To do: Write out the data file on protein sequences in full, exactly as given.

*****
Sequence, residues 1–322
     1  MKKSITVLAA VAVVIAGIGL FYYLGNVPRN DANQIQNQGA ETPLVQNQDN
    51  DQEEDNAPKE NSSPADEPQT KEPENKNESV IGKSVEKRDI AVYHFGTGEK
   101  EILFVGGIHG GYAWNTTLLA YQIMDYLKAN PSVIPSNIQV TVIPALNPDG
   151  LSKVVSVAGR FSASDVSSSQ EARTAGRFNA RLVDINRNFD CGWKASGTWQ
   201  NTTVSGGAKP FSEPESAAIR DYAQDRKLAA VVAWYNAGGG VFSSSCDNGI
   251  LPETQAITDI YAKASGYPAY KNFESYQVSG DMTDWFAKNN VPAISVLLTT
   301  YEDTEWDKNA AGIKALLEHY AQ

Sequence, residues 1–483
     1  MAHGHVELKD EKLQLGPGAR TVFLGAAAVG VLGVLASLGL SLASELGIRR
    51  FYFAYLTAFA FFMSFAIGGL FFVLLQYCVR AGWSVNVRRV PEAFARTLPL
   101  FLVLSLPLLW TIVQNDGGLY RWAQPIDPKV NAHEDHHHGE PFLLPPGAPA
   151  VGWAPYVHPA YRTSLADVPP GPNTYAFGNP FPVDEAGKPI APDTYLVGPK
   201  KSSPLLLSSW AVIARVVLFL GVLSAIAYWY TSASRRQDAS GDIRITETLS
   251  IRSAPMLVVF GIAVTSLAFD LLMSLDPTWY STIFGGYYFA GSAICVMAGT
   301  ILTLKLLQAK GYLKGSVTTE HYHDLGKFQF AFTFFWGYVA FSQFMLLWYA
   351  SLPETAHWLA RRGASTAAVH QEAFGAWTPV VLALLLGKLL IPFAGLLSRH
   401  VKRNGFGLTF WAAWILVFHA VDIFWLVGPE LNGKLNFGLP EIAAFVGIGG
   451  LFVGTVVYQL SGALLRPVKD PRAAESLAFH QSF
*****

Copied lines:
Sequence, residues 1–322
     1  MKKSITVLAA VAVVIAGIGL FYYLGNVPRN DANQIQNQGA ETPLVQNQDN
    51  DQEEDNAPKE NSSPADEPQT KEPENKNESV IGKSVEKRDI AVYHFGTGEK
   101  EILFVGGIHG GYAWNTTLLA YQIMDYLKAN PSVIPSNIQV TVIPALNPDG
   151  LSKVVSVAGR FSASDVSSSQ EARTAGRFNA RLVDINRNFD CGWKASGTWQ
   201  NTTVSGGAKP FSEPESAAIR DYAQDRKLAA VVAWYNAGGG VFSSSCDNGI
   251  LPETQAITDI YAKASGYPAY KNFESYQVSG DMTDWFAKNN VPAISVLLTT
   301  YEDTEWDKNA AGIKALLEHY AQ

Sequence, residues 1–483
     1  MAHGHVELKD EKLQLGPGAR TVFLGAAAVG VLGVLASLGL SLASELGIRR
    51  FYFAYLTAFA FFMSFAIGGL FFVLLQYCVR AGWSVNVRRV PEAFARTLPL
   101  FLVLSLPLLW TIVQNDGGLY RWAQPIDPKV NAHEDHHHGE PFLLPPGAPA
   151  VGWAPYVHPA YRTSLADVPP GPNTYAFGNP FPVDEAGKPI APDTYLVGPK
   201  KSSPLLLSSW AVIARVVLFL GVLSAIAYWY TSASRRQDAS GDIRITETLS
   251  IRSAPMLVVF GIAVTSLAFD LLMSLDPTWY STIFGGYYFA GSAICVMAGT
   301  ILTLKLLQAK GYLKGSVTTE HYHDLGKFQF AFTFFWGYVA FSQFMLLWYA
   351  SLPETAHWLA RRGASTAAVH QEAFGAWTPV VLALLLGKLL IPFAGLLSRH
   401  VKRNGFGLTF WAAWILVFHA VDIFWLVGPE LNGKLNFGLP EIAAFVGIGG
   451  LFVGTVVYQL SGALLRPVKD PRAAESLAFH QSF